Coreslab Structures (Texas), Inc. v. Scottsdale Insurance Company Appeal from 55th District Court of Harris County (opinion by chief justice frost)

Annotate this Case
Download PDF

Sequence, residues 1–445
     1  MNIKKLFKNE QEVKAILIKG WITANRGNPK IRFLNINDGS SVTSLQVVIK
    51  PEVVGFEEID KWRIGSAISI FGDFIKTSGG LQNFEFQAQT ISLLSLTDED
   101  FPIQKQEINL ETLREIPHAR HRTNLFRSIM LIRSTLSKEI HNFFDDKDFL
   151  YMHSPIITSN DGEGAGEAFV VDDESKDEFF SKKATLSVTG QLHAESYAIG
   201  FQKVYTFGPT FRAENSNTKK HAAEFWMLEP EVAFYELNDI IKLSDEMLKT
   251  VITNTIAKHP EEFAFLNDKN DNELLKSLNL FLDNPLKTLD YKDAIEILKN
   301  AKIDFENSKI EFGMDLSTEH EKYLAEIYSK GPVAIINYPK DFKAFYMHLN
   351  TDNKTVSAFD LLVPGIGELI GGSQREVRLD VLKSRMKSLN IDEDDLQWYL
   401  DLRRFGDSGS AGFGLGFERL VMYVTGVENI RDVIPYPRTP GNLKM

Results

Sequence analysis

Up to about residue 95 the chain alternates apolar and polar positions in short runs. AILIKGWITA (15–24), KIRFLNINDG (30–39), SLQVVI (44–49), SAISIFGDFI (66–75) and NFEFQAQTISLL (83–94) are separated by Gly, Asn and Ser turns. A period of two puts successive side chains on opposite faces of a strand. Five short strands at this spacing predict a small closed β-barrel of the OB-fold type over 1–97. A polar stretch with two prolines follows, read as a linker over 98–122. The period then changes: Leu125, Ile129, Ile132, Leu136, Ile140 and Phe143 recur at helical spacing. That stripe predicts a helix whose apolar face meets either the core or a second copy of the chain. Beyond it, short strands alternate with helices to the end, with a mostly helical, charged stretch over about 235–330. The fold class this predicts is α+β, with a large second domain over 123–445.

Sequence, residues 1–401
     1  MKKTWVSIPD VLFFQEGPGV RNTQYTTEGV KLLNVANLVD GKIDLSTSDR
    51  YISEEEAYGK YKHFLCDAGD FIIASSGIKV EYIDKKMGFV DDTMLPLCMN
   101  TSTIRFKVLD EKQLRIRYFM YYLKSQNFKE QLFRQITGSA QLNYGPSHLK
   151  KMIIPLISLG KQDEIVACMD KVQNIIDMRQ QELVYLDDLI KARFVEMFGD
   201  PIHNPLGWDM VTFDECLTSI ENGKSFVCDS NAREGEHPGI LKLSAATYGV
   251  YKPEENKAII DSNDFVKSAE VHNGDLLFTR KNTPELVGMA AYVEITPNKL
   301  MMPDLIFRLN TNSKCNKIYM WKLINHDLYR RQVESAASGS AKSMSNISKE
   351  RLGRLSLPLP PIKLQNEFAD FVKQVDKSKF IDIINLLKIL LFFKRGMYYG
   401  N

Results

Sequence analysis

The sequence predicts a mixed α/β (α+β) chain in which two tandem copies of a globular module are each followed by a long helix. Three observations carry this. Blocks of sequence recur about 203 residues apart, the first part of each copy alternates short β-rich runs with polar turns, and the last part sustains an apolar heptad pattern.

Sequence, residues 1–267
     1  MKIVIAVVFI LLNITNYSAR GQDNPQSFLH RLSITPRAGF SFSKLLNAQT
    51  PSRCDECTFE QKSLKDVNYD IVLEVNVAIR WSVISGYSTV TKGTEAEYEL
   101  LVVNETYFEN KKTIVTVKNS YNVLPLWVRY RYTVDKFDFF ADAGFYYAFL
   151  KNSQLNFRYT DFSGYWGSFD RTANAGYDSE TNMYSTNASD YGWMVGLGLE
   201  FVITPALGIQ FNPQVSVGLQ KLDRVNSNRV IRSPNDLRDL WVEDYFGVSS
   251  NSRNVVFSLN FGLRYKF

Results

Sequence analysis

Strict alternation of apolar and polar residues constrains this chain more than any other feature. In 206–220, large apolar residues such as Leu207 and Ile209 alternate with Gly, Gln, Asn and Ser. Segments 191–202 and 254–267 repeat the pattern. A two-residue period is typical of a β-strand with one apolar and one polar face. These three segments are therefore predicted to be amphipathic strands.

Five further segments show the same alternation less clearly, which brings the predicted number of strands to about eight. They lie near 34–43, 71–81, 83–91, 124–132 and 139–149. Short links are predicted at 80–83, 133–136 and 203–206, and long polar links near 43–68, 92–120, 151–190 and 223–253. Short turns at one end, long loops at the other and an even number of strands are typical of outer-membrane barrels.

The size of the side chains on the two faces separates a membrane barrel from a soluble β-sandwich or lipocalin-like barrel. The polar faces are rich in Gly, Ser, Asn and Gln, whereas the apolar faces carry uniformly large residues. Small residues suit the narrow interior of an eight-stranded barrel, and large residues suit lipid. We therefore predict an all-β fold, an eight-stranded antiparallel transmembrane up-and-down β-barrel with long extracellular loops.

Affirmed and Opinion filed July 28, 2016. In The Fourteenth Court of Appeals ____________ NO. 14-14-00865-CV ____________ CORESLAB STRUCTURES (TEXAS), INC., Appellant V. SCOTTSDALE INSURANCE COMPANY, Appellee On Appeal from the 55th District Court Harris County, Texas Trial Court Cause No. 2010-55665A OPINION This appeal arises from a summary judgment dismissing claims for breach of contract, bad faith under Chapter 541 of the Insurance Code, and violations of the Prompt Payment of Claims Act, brought by an alleged additional insured against the insurer under a commercial general liability policy. On appeal, the main issue is whether the trial court erred in concluding as a matter of law that the plaintiff was not entitled to recover damages based on attorney’s fees and expenses the plaintiff incurred in the underlying suits. We conclude that the trial court did not err in granting summary judgment on this ground and that the plaintiff did not challenge all of the independent summary-judgment grounds asserted against the Prompt Payment of Claims Act claim. Because Coreslab has not shown that the trial court erred in granting summary judgment, we affirm. I. FACTUAL AND PROCEDURAL BACKGROUND The Memorial Hermann Tower, at Interstate 10 and Gessner in Houston, sustained water damage during two separate rain events, spawning two lawsuits in the trial court involving claims for damages in excess of $38 million (hereinafter collectively the “Underlying Lawsuits”). Memorial Hermann Hospital System asserted claims against various parties, including appellant/plaintiff Coreslab Structures (Texas), Inc. and its subcontractor CN Construction, Inc. The trial court consolidated the Underlying Lawsuits. Scottsdale’s Denial of Demand for Defense as an Additional Insured Coreslab tendered the defense of the Underlying Lawsuits to CN Construction and demanded a defense as an additional insured under CN Construction’s insurance policy, asking CN Construction to tender the demand to the insurer under the applicable policy. Appellee/defendant Scottsdale Insurance Company, the insurer under the applicable Commercial General Liability policy issued to CN Construction, responded to Coreslab, notifying Coreslab that Scottsdale had determined there was no additional-insured coverage available to Coreslab. Other Insurer’s Payment of Insured’s Defense Costs After Scottsdale refused to pay Coreslab’s defense costs in the Underlying Lawsuits, Lexington Insurance Company, the insurer under one of Coreslab’s insurance policies, paid $825,642.32 to Coreslab’s defense counsel for attorney’s 2 fees and expenses in Coreslab’s defense in the Underlying Lawsuits. Lexington is not a party in this lawsuit. Insured’s Suit Against Scottsdale for Coverage as Additional Insured and Defense in the Underlying Suits Coreslab filed a third-party petition in the Underlying Lawsuits against Scottsdale alleging that the Scottsdale policy provided coverage for Coreslab as an additional insured. Scottsdale asserted that the policy provided no coverage to Coreslab. In its third-party petition, Coreslab sought a declaratory judgment that Scottsdale had a duty to pay Coreslab’s defense costs in the Underlying Lawsuits. Coreslab asserted (1) a breach-of-contract claim against Scottsdale for failing to pay, (2) statutory bad-faith claims under Chapter 541 of the Insurance Code, and (3) a claim for violations of the Prompt Payment of Claims Act under Chapter 542 of the Insurance Code. Partial Summary Judgment in Favor of Insured on Duty to Defend The main claims in the Underlying Lawsuits settled, and the trial court severed Coreslab’s claims into a separate lawsuit containing only the claims between Coreslab and Scottsdale. The trial court granted partial summary judgment in favor of Coreslab, ruling that Scottsdale had a duty to defend Coreslab in the Underlying Lawsuits. Coreslab agrees that, after the trial court’s ruling, Scottsdale paid a total of at least $409,509.53 toward Coreslab’s defense costs in the Underlying Lawsuits. Insured’s Claimed Defense Costs In its lawsuit against Scottsdale, Coreslab sought to recover attorney’s fees and expenses that Coreslab incurred for the defense of the Underlying Lawsuits. Coreslab’s defense counsel billed Coreslab for these fees and expenses. There is no 3 evidence that Coreslab paid any of these fees or expenses. Coreslab also sought to recover eighteen-percent interest as damages under Insurance Code section 542.060, attorney’s fees for bringing its claims against Scottsdale, and prejudgment interest. Scottsdale’s Motion for Summary Judgment Scottsdale filed a traditional summary-judgment motion asserting the following grounds: (1) As a matter of law, Coreslab is not entitled to recover any damages in connection with attorney’s fees or costs in the Underlying Lawsuits or Coreslab’s lawsuit against Scottsdale because the total amount paid by Lexington and Scottsdale exceeds the sum of Coreslab’s defense costs in the Underlying Lawsuits and Coreslab’s attorney’s fees and costs in this suit against Scottsdale. (2) Coreslab is not entitled to recover eighteen-percent interest as damages under Insurance Code section 542.060 for the following reasons: (a) Scottsdale always paid its share of the defense costs within sixty days of its receipt of each attorney’s fees invoice; and (b) because Coreslab never paid any attorney’s fees bill for the defense costs in the Underlying Lawsuits, Scottsdale owes no eighteen-percent interest as damages under Insurance Code section 542.060. (3) Coreslab is not entitled to recover interest under Finance Code section 302.002 because (a) Coreslab is not entitled to recover against Scottsdale and (b) this statute does not apply to an award of attorney’s fees against an insurer.1 Scottsdale did not seek summary judgment based on the alleged applicability of any “other insurance” provisions in either the Scottsdale policy or the Lexington policy. Therefore, any such provisions are not at issue in this appeal. 1 4 Insured’s Response and Cross-Motion for Summary Judgment Coreslab filed a response in opposition to Scottsdale’s summary-judgment motion. Coreslab also asserted a cross-motion for traditional summary judgment in which Coreslab sought a partial summary judgment granting it a judgment as a matter of law on its breach-of-contract and Insurance Code section 542.060 claims. Trial Court’s Ruling The trial court signed an order granting Scottsdale’s summary-judgment motion and ruling that Coreslab take nothing on its claims.2 II. ISSUES PRESENTED In its appellate brief, Coreslab presents the following two issues: 1. Whether the trial court erred in holding that Coreslab was only entitled to a partial defense from Scottsdale since it is well established under Texas law that (a) an insurer has the duty to provide a full defense to its insured, not merely a pro rata defense, and (b) where the Texas Supreme Court has reiterated that an insured, such as Coreslab, is in the best position to identify the policy or policies that would maximize coverage, and (c) where it is uncontroverted that Coreslab made it clear to Scottsdale that Coreslab chose Scottsdale to provide it a full defense in order to avoid a negative impact on its loss history in the face of lawsuits which sought in excess of $38,000,000? 2. Whether the trial court erred by failing to award [Coreslab] the attorney’s fees and expenses, which Scottsdale did not object to or otherwise contest, and . . . fail[ing] to apply the prompt payment provisions of Chapter 542 of the Texas Insurance Code, and the penalty provisions which are automatic, in the face of Scottsdale’s On abatement, the trial court signed an order confirming that this summary-judgment order was a final judgment. 2 5 initial improper denial of coverage? (quotations and citations omitted). III. ANALYSIS In a traditional motion for summary judgment, if the movant’s motion and summary-judgment evidence facially establish its right to judgment as a matter of law, the burden shifts to the nonmovant to raise a genuine, material fact issue sufficient to defeat summary judgment. M.D. Anderson Hosp. & Tumor Inst. v. Willrich, 28 S.W.3d 22, 23 (Tex. 2000). In our de novo review of the trial court’s granting of Scottsdale’s motion for traditional summary judgment, we consider all the evidence in the light most favorable to Coreslab, crediting evidence favorable to Coreslab if reasonable jurors could, and disregarding contrary evidence unless reasonable jurors could not. Mack Trucks, Inc. v. Tamez, 206 S.W.3d 572, 582 (Tex. 2006). The evidence raises a genuine issue of fact if reasonable and fair-minded jurors could differ in their conclusions in light of all of the summary-judgment evidence. Goodyear Tire & Rubber Co. v. Mayes, 236 S.W.3d 754, 755 (Tex. 2007). When, as in this case, the order granting summary judgment does not specify the grounds upon which the trial court relied, we must affirm the summary judgment if any of the independent summary-judgment grounds is meritorious. FM Props. Operating Co. v. City of Austin, 22 S.W.3d 868, 872 (Tex. 2000). A. Did the trial court err in granting summary judgment on the ground that all of the defense costs the insured sought to recover had been paid by one of the two insurers? In its first issue, Coreslab challenges the first ground that Scottsdale asserted in its summary-judgment motion. In this ground, Scottsdale asserted that, as a matter of law, Coreslab is not entitled to recover any damages in connection with attorney’s fees or costs incurred in the Underlying Lawsuits or Coreslab’s lawsuit against Scottsdale because the total amount Lexington and Scottsdale paid exceeds the sum 6 of Coreslab’s defense costs in the Underlying Lawsuits and Coreslab’s attorney’s fees and costs in this suit against Scottsdale. Amount of Defense Costs in in the Underlying Lawsuits Paid by Each Insurer In its motion, Scottsdale relied upon Coreslab’s expert testimony that, from the time Coreslab first sought a defense from Scottsdale through the settlement of the Underlying Lawsuits, Coreslab incurred a total of $882,909.92 in reasonable and necessary attorney’s fees and expenses for Coreslab’s defense in the Underlying Lawsuits. Coreslab agrees with this amount. In its motion, Scottsdale submitted summary-judgment evidence proving that Lexington paid a total of $825,642.32 to Coreslab’s defense counsel for attorney’s fees and expenses in Coreslab’s defense in the Underlying Lawsuits. Coreslab did not controvert this evidence and it has not disputed that Lexington paid this total amount. In its motion, Scottsdale asserted that it had paid a total of $443,394.20 toward the attorney’s fees and expenses for Coreslab’s defense in the Underlying Lawsuits. Coreslab disputed this amount but agreed that Scottsdale had paid $409,509.53 toward Coreslab’s defense costs in the Underlying Lawsuits. The summary-judgment evidence conclusively proves that Scottsdale paid at least $409,509.53 to either Coreslab’s defense counsel in the Underlying Lawsuits or to Lexington. Coreslab and Scottsdale entered into a Rule 11 agreement in which they agreed that endorsing or negotiating any checks issued by Scottsdale to Coreslab or its insurers pertaining to the Memorial Hermann claim does not constitute a waiver of Coreslab’s claims against Scottsdale in the trial court, but that Scottsdale “shall receive a credit against actual damages for any amounts so 7 paid.”3 Amount the Insured Seeks To Recover Against Scottsdale The summary-judgment evidence conclusively proves that from the time Coreslab first sought a defense from Scottsdale through the settlement of the Underlying Lawsuits, Coreslab incurred a total of $882,909.92 in reasonable and necessary attorney’s fees and expenses for Coreslab’s defense in the Underlying Lawsuits and that the payments Lexington and Scottsdale have made exceed this sum. Coreslab does not dispute these facts, and Coreslab has agreed that Scottsdale is entitled to a credit against Coreslab’s actual damages for the amounts Scottsdale paid to Lexington or to Coreslab’s defense counsel. Nonetheless, Coreslab contends that Scottsdale was required to pay a total of $882,909.92 in defense costs under the Scottsdale policy and that, to date, Scottsdale has paid only $409,509.53. Excluding eighteen-percent interest under Insurance Code section 542.060, attorney’s fees for bringing its claims against Scottsdale, and prejudgment interest, Coreslab seeks $882,909.92 in damages against Scottsdale with a $409,509.53 credit for payments Scottsdale already has made. Coreslab essentially asserts that it is entitled to recover $473,400.39 against Scottsdale based on defense costs that Scottsdale failed to pay under the Scottsdale policy, even though Coreslab has not paid any of the attorney’s fees or expenses at issue and even though Lexington has paid $825,642.32 to Coreslab’s defense counsel in the Underlying Lawsuits. The Mid-Continent Rule In the context of the duty to indemnify, the Supreme Court of Texas has This Rule 11 agreement was in writing, signed by counsel for Coreslab and Scottsdale, and filed in the trial court below. See Tex. R. Civ. P. 11. This agreement is included in the summaryjudgment evidence. 3 8 followed California law and agreed that “[W]here there are several policies of insurance on the same risk and the insured has recovered the full amount of its loss from one or more, but not all, of the insurance carriers, the insured has no further rights against the insurers who have not contributed to its recovery” and that “the liability of the remaining insurers to the insured ceases, even if they have done nothing to indemnify or defend the insured.” Mid-Continent Ins. Co. v. Liberty Mut. Ins. Co., 236 S.W.3d 765, 775 (Tex. 2007) (quoting Fireman’s Fund Ins. Co. v. Md., Cas. Co., 77 Cal. Rptr. 2d 296, 305 (Cal. Ct. App. 1998)). Thus, under Texas law, after an insured has recovered the full amount of its loss as a result of payments from two insurers under two different policies, the insured may not recover from one insurer under its policy based on the insurer’s alleged failure to pay its appropriate share of the loss.4 See Mid-Continent Ins. Co., 236 S.W.3d at 775. Even presuming that Scottsdale should have paid more and that Lexington should have paid less, once the full amount of defense costs have been paid, Coreslab has no right to recover against Scottsdale based on Scottsdale’s failure to pay more. See id. Though there might be a basis for Lexington to seek recovery against Scottsdale under these circumstances, Lexington is not a party in this case. The Mid-Continent case involved an examination of an insured’s contractual rights against an insurer in the context of an insurer’s assertion of the insured’s rights as subrogee in an indemnity context rather than in the context of payment of defense costs. See id. at 771–76. Nonetheless, the principles of Texas law the high court articulated in Mid-Continent support the trial court’s granting of summary judgment. See id. The parties have not cited and research has not revealed any Texas case that 4 The collateral-source rule does not apply in this contractual context. See Mid-Century Ins. Co. of Tex. v. Kidd, 997 S.W.2d 265, 274 (Tex. 1999). 9 is completely on point. But, courts in other states have concluded that, after all of the insured’s defense costs have been paid, an insured may not recover any amount from an insurer based on failure to pay defense costs covered under the insurer’s policy. See Emerald Bay Cmty. Ass’n v. Golden Eagle Ins. Corp., 130 Cal. App. 4th 1078, 1088–89 (Cal. Ct. App. 2005); Concord Hosp. v. New Hampshire Medical Malpractice Joint Underwriting Ass’n, 694 A.2d 996, 998–99 (N.H. 1997); McDonald v. Nat’l Grange Mut. Ins. Co., 342 N.Y.S.2d 478, 479 (N.Y. App. Div. 1973); Sloan Constr. Co. v. Cent. Nat’l Ins. Co. of Omaha, 236 S.E.2d 818, 819–21 (S.C. 1977); Underwriters at Lloyds v. Denali Seafood, Inc., 729 F. Supp. 721, 725 (W.D. Wash. 1989), aff’d 927 F.2d 459, 464 (9th Cir. 1991). Coreslab argues that it may recover from Scottsdale because, under Texas law, Coreslab was entitled to a “complete defense” from Scottsdale rather than a “pro rata” defense. Coreslab cites cases in which Texas courts of appeals state that an insurer has the duty to provide a full defense to its insured rather than a pro rata defense. See Maryland Cas. Co. v. South Texas Medical Clinics, P.A., No. 13-06089-CV, 2008 WL 98375, at *7–8 (Tex. App.—Corpus Christi Jan. 10, 2008, pet. denied) (mem. op.); Texas Prop. & Cas. Ins. Guar. Ass’n/Southwest Aggregates, Inc. v. Southwest Aggregates, Inc., 982 S.W.2d 600, 616 (Tex. App.—Austin 1998, no pet.). Coreslab also points to a number of eight-corners-rule cases, in which courts state, as part of the eight-corners rule, that if a petition in which a third party asserts claims against an insured potentially includes a covered claim, the insurer must defend the entire suit. See, e.g., St. Paul Ins. Co. v. Texas Dept. of Transp., 999 S.W.2d 881, 884 (Tex. App.—Austin 1999, pet. denied) (stating that “[o]nce coverage has been found for any portion of a suit, an insurer must defend the entire suit”). Coreslab also cites cases in which the Supreme Court of Texas states that the insured is in the best position to identify the policy or policies that would maximize 10 coverage. See Lennar Corp. v. Markel American Ins. Co., 413 S.W.3d 750, 758 (Tex. 2013); Am. Physicians Ins. Exch. v. Garcia, 876 S.W.2d 842, 855 (Tex. 1994). None of these cases are on point, and none of these courts hold that an insured may recover against an insurer for failure to pay defense costs after one or more of the insurers whose policies provide coverage pay all the defense costs. See Lennar Corp., 413 S.W.3d at 758; Am. Physicians Ins. Exch., 876 S.W.2d at 855; Maryland Cas. Co., 2008 WL 98375, at *7–8; Texas Prop. & Cas. Ins. Guar. Ass’n/Southwest Aggregates, Inc., 982 S.W.2d at 616. Coreslab asserts that it made it clear to Scottsdale that Coreslab chose Scottsdale to provide a full defense to avoid a negative impact on Coreslab’s “loss history,” which, Coreslab asserts, impacts its insurance premiums. Coreslab did not submit any summary-judgment evidence about its “loss history.” Nor did Coreslab proffer any summary-judgment evidence on the issue of whether Lexington’s payment of some or all of Coreslab’s defense costs under the Lexington policy would result in higher future insurance premiums than if Scottsdale had paid all of Coreslab’s defense costs under the Scottsdale policy. Coreslab has not cited any cases in which a court has held that an insured’s choice to seek a full defense on only one of two available policies allows the insured to recover defense costs against the chosen insurer after the other insurer pays some or all of the defense costs. No Recovery By Insured Against Insurer for Failure to Pay Defense Costs in the Underlying Lawsuits When Those Costs Were Paid By Another Insurer Coreslab suggests that, if it recovers a money judgment against Scottsdale in this case based on Scottsdale’s failure to pay the entire amount of Coreslab’s defense costs, Coreslab will forward the amounts recovered to Lexington “to protect Coreslab’s loss history.” A normal money judgment in favor of Coreslab and against Scottsdale would not require Coreslab to forward any such amounts to Lexington. 11 Even presuming that the trial court could craft a judgment that would make sure that Coreslab forwarded the amounts collected under the judgment to Lexington, we conclude that, under the circumstances of this case, Coreslab may not recover judgment against Scottsdale based on Scottsdale’s failure to pay the full amount of Coreslab’s defense costs in the Underlying Lawsuits. See Mid-Continent Ins. Co., 236 S.W.3d at 775; Emerald Bay Cmty. Ass’n, 130 Cal. App. 4th at 1088–89; Concord Hosp., 694 A.2d at 998–99; McDonald, 342 N.Y.S.2d at 479; Sloan Constr. Co., 236 S.E.2d at 819–21; Underwriters at Lloyds, 729 F.Supp. at 725. As a matter of law, Coreslab is not entitled to recover any damages based on Coreslab’s defense costs in the Underlying Lawsuits because the total amount paid by Lexington and Scottsdale exceeds the sum of Coreslab’s defense costs in the Underlying Lawsuits. See Mid-Continent Ins. Co., 236 S.W.3d at 775; Emerald Bay Cmty. Ass’n, 130 Cal. App. 4th at 1088–89; Concord Hosp., 694 A.2d at 998–99; McDonald, 342 N.Y.S.2d at 479; Sloan Constr. Co., 236 S.E.2d at 819–21; Underwriters at Lloyds, 729 F.Supp. at 725. Therefore, we overrule Coreslab’s first issue. B. May this court review the trial court’s denial of the insured’s crossmotion? Under its second issue, Coreslab seeks rendition of judgment in its favor based on the trial court’s alleged error in denying Coreslab’s cross-motion for summary judgment, in which Coreslab sought judgment as a matter of law on its breach-ofcontract and Insurance Code section 542.060 claims. In the cross-motion Coreslab did not seek a final judgment. See Frontier Logistics, L.P. v. Nat’l Prop. Holdings, L.P., 417 S.W.3d 656, 664 (Tex. App.—Houston [14th Dist.] 2013, pet. denied) (noting that courts may review the denial of a cross-motion for summary judgment and render judgment on that motion only in certain circumstances, including when 12 the movant in the cross-motion sought a final judgment). For example, Coreslab did not request judgment as a matter of law on its statutory bad-faith claims under Chapter 541 of the Insurance Code. In addition, Coreslab did not seek summary judgment as to any declaratory-judgment claim. See id. (noting that courts may review the denial of a cross-motion for summary judgment and render judgment on that motion under an exception involving claims for declaratory relief). Scottsdale sought summary judgment as to all of Coreslab’s claims, based on the three grounds stated above; but, in its cross-motion, Coreslab sought a money judgment based on evidence that Coreslab contends conclusively establishes its entitlement to judgment as a matter of law on its breach-of-contract and Insurance Code section 542.060 claim. Thus, in the cross-motion Coreslab did not seek summary judgment on the same issue Scottsdale addressed in its motion. See id. (concluding that courts may review the denial of a cross-motion for summary judgment and render judgment on that motion when the movant in the cross-motion sought summary judgment on the same issue that was addressed in the other motion). This case does not involve any of the circumstances under which this court may review the denial of Coreslab’s cross-motion. See id. To the extent Coreslab argues under the second issue that the trial court erred in denying its cross-motion on an issue Scottsdale addressed in its motion, we overrule Coreslab’s second issue. C. Has the insured challenged all of the insurer’s summary-judgment grounds as to the insured’s claim under Insurance Code section 542.060? The trial court granted summary judgment without specifying the grounds upon which it relied, so, on appeal, Coreslab must show that each independent summary-judgment ground asserted against its claims does not provide a basis for affirming the trial court’s summary judgment. See Ramco Oil & Gas Ltd. v. AngloDutch (Tenge) L.L.C., 207 S.W.3d 801, 826 (Tex. App.—Houston [14th Dist.] 2006, pet. denied). In the second ground of its summary-judgment motion, Scottsdale 13 asserted that, as a matter of law, Coreslab was not entitled to eighteen-percent interest as damages under Insurance Code section 542.060 because (1) Scottsdale always paid its share of the defense costs within sixty days of its receipt of each attorney’s-fees invoice; and (2) Coreslab never paid any attorney’s fees bill for the defense costs in the Underlying Lawsuits. We presume for the sake of argument that Scottsdale’s entitlement to judgment under its first summary-judgment ground does not preclude Coreslab from asserting its claim under Insurance Code section 542.060 for eighteen-percent interest as damages based on the allegedly late payment of defense costs by Scottsdale. We therefore consider whether summary judgment on that claim was proper under Scottsdale’s second ground. On appeal, Coreslab asserts that it was entitled to judgment as a matter of law on its claim under Insurance Code section 542.060 and that the trial court erred in granting summary judgment. In its appellant’s brief, Coreslab does not expressly challenge both parts of the second summary-judgment ground asserted against its section 542.060 claim or present argument as to why the trial court erred in granting summary judgment on these grounds. Even construing Coreslab’s brief liberally, we cannot conclude that Coreslab briefed any argument attacking the independent part of this summary-judgment ground regarding Coreslab’s failure to pay any attorney’s-fees bill for the defense costs in the Underlying Lawsuits. Because Coreslab has not challenged this ground, it has not challenged all independent summary-judgment grounds upon which the trial court granted summary judgment as to its claim under Insurance Code section 542.060. See Navarro v. Grant Thornton, LLP, 316 S.W.3d 715, 719–20 (Tex. App.—Houston [14th Dist.] 2010, no pet.). Therefore, we affirm the trial court’s summary judgment on this claim.5 5 On appeal, Coreslab has not briefed any argument under which it would be entitled to recover its attorney’s fees or costs incurred in this suit against Scottsdale without recovering against Scottsdale either actual damages or eighteen-percent interest as damages under Insurance Code 14 See id. To the extent Coreslab argues under the second issue that the trial court erred in granting summary judgment in favor of Scottsdale, we overrule Coreslab’s second issue.6 IV. CONCLUSION As a matter of law, Coreslab is not entitled to recover any damages based on Coreslab’s defense costs in the Underlying Lawsuits because the total amount paid by Lexington and Scottsdale exceeds the sum of Coreslab’s defense costs in the Underlying Lawsuits. This court may not review the trial court’s denial of Coreslab’s cross-motion for summary judgment. Coreslab has not challenged all independent grounds upon which the trial court granted summary judgment as to Coreslab’s claim under Insurance Code section 542.060. Because Coreslab has not shown that the trial court erred in granting summary judgment in favor of Scottsdale, we affirm the trial court’s judgment. /s/ Kem Thompson Frost Chief Justice Panel consists of Chief Justice Frost and Justices Jamison and Busby. section 542.060. Because we have concluded that Coreslab has not shown error in the trial court’s take-nothing judgment as to Scottsdale’s claims for damages, there is no basis upon which we may reverse the trial court’s take-nothing judgment as to Coreslab’s requests for attorney’s fees and costs. We need not and do not address Scottsdale’s argument that the trial court erred in rendering summary judgment in favor of Coreslab and ruling as a matter of law that Scottsdale had a duty to defend Coreslab in the Underlying Lawsuits. 6 15